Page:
work except as it was a part of himself; and she refers her readers to her translations, which when completed will contain at least three fourths of the Comédie Humaine; the Comedy and Tragedy of Human Life. The small French edition of this work is printed in forty vol


The Comédie Humaine is a world in itself, and in this society all the personages appear and reappear from time to time, from book to book, just as in real life real persons cross our path, vanish, and come again. As M. Bourget has said: "Let any one imagine for himself the quantity of isolated facts which are implied by these two thousand biographies (of different characters in the Comédie Humaine) each of which is individual, distinct, and follows the personage from the cradle to the grave, and traces his connection with past and future generations. The relation of each character to his environment and to each other character is accurately appreciated and exhibited. He knows his personages like a master, through and through; the maladies of their bodies and of their souls are familiar to him. He knows when a sentiment is simple, and when it is complex; when the heart is the dupe of the intelligence and when it is merely deceived by the senses."

It is certain that no man since Shakspere has created a world so alive as that of the Comédie Humaine. In one sense Balzac may almost be said to have created the intelligent France of today, as he also depicted the France of the past. France today approaches nearer and nearer to the types he has exhibited, along the very paths he prefigured. And who has judged Catherine de Medicis, Napoleon, the Revolution, as he has judged them? In one of the latest numbers of the Revue des Deux Mondes I find this paragraph of M. Leroy-Beaulieu, which is almost the fulfilment of Balzacs predictions of half a century ago. M. Beaulieu says:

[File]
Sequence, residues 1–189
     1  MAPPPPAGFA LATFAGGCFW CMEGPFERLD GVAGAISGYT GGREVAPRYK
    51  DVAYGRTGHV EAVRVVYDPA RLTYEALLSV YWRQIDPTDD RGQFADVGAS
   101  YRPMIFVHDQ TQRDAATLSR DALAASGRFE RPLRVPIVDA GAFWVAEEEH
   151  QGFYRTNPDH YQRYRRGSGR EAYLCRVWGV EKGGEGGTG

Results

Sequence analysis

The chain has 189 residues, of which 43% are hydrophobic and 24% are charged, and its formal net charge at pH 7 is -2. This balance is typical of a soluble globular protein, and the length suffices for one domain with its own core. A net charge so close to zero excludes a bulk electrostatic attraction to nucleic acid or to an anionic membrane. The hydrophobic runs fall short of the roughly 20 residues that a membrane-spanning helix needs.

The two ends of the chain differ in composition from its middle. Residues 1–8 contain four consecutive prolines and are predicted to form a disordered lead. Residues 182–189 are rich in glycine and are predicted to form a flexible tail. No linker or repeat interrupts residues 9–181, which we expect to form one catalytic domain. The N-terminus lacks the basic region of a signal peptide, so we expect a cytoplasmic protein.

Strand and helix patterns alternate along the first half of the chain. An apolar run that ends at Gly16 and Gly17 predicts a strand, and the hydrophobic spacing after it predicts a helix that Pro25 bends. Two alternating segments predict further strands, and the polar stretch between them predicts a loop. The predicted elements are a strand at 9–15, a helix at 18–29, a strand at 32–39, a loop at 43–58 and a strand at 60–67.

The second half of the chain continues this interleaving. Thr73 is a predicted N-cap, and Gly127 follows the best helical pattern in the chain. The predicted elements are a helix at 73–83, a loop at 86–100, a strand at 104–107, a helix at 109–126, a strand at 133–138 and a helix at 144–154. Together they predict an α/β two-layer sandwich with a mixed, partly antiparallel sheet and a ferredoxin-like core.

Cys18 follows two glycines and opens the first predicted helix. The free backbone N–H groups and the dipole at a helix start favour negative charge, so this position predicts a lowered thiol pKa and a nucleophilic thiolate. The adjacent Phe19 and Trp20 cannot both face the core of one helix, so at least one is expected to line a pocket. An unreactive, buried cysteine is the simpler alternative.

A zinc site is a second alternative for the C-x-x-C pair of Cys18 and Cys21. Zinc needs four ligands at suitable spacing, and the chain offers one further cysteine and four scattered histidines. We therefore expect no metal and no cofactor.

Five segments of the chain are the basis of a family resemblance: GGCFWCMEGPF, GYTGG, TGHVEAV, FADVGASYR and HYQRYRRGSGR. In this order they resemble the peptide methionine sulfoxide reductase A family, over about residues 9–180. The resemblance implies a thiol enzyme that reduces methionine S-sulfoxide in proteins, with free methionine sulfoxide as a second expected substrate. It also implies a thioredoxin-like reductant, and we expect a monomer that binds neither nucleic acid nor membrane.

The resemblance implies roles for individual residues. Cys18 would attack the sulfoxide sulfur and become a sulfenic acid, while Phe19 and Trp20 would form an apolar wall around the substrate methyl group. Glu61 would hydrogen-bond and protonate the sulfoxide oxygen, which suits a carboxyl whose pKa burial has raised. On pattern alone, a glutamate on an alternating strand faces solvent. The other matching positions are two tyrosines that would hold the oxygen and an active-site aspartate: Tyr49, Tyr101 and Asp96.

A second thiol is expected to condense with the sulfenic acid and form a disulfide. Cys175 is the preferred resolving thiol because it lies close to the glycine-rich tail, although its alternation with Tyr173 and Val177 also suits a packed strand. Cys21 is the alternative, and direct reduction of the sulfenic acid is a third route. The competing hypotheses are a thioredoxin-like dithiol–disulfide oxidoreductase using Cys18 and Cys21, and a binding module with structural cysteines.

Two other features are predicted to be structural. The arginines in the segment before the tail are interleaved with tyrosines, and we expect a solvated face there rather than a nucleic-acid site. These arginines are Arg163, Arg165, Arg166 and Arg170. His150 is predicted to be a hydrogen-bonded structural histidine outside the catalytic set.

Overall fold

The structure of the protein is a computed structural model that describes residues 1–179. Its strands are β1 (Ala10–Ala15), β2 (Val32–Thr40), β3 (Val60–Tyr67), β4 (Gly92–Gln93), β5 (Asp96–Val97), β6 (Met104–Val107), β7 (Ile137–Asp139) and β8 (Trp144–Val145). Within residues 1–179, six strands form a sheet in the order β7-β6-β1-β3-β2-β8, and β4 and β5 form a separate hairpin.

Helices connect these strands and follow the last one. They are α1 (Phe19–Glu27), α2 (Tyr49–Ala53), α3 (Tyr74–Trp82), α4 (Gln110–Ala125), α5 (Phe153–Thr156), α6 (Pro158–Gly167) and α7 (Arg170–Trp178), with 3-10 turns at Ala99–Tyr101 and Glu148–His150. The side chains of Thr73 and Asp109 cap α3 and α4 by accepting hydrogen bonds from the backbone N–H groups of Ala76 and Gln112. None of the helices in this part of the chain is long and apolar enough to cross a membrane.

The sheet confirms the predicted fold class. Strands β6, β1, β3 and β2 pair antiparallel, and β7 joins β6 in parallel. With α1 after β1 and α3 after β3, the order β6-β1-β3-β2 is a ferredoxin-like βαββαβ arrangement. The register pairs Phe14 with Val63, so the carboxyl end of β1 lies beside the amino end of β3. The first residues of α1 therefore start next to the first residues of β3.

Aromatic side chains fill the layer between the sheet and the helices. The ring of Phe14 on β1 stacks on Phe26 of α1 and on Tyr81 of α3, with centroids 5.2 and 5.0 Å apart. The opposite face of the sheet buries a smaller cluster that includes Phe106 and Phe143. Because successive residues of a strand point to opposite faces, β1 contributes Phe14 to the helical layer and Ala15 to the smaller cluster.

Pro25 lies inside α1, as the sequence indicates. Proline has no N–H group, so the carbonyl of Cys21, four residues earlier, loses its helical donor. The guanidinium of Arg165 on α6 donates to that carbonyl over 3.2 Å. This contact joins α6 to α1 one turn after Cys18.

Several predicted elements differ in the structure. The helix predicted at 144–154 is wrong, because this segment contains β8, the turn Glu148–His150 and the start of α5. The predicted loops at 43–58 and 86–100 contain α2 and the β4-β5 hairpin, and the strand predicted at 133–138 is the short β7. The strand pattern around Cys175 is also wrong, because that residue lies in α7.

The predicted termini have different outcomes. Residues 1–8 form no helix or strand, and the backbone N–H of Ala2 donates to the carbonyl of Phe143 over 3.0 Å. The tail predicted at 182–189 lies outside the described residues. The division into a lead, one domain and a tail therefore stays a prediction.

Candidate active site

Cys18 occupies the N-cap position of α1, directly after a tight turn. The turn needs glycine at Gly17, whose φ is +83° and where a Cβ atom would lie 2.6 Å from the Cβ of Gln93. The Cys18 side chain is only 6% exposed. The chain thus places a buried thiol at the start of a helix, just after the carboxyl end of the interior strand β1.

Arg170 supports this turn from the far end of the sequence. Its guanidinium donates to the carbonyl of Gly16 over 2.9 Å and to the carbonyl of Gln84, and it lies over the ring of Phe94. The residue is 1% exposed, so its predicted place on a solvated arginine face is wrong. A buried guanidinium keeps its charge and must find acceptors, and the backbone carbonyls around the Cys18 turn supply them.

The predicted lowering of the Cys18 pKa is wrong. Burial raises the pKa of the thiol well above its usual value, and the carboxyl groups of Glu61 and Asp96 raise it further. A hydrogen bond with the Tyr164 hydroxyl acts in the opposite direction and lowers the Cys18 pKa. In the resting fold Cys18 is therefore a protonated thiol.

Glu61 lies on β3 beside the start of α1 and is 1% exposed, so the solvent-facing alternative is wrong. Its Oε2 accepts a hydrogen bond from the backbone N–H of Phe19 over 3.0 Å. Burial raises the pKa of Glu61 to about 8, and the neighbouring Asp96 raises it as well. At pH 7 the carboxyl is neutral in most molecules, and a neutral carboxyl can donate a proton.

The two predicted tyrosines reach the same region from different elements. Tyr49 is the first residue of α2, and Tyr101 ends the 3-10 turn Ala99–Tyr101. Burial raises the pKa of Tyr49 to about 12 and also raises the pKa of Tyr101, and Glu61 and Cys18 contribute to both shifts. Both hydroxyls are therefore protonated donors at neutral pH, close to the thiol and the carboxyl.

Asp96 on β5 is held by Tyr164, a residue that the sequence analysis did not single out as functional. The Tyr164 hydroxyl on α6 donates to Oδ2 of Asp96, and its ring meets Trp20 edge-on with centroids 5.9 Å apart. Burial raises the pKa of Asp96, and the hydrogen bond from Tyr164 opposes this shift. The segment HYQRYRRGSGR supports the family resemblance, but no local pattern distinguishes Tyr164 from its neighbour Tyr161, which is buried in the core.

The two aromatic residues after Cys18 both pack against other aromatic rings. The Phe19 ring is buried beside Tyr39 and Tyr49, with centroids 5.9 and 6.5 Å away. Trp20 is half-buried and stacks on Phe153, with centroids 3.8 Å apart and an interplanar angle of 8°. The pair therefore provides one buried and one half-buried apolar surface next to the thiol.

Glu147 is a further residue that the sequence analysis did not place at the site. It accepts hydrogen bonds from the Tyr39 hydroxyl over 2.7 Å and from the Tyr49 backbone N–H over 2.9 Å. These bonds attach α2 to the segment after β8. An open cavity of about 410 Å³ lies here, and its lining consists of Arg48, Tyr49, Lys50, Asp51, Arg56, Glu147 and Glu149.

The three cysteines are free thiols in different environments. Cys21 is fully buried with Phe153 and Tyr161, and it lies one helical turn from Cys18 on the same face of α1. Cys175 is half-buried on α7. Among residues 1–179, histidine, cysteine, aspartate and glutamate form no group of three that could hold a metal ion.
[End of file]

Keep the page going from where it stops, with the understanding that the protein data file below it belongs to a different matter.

"It is a rude backset to the pride of the century and to the new social order that scarcely one hundred years after the Revolution of 1789, which was expected to remodel the face of the whole world, we find this new society calling for new transformations, and for new revolutions. Let us have the candor to recognize and admit that we have expected too much from Liberty. She has not fulfilled all the promises which have been made in her name, and now she has become the victim of the extravagant hopes which we have based on her. Why should we not frankly admit it?" This is like an echo of Balzac's own words of fifty years ago. And as in this single instance, so in scores of others. Balzac has done his full share in opening new ways for life to all those who can see, and it is not impossible that he will one day be quoted among those early benefactors of the race who have pointed out the doors leading to a fuller measure of human life which will then have become the common heritage and possession of all mankind. We may truly say that he

"Of such a height hath built his mind,

And reared the dwelling of his thoughts so strong,
As neither fear nor hope can shake the frame
Of his resolved powers; nor all the wind
Of vanity or malice pierce, to wrong
His settled peace, or to disturb the same.
What a fair seat hath he, from whence he may
The boundless wastes and wilds of Man survey!